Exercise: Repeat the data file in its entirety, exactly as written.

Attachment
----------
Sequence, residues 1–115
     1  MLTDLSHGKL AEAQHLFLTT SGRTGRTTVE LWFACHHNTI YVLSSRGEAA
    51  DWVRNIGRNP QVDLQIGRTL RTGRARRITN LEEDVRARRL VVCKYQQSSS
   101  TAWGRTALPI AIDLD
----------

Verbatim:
Sequence, residues 1–115
     1  MLTDLSHGKL AEAQHLFLTT SGRTGRTTVE LWFACHHNTI YVLSSRGEAA
    51  DWVRNIGRNP QVDLQIGRTL RTGRARRITN LEEDVRARRL VVCKYQQSSS
   101  TAWGRTALPI AIDLD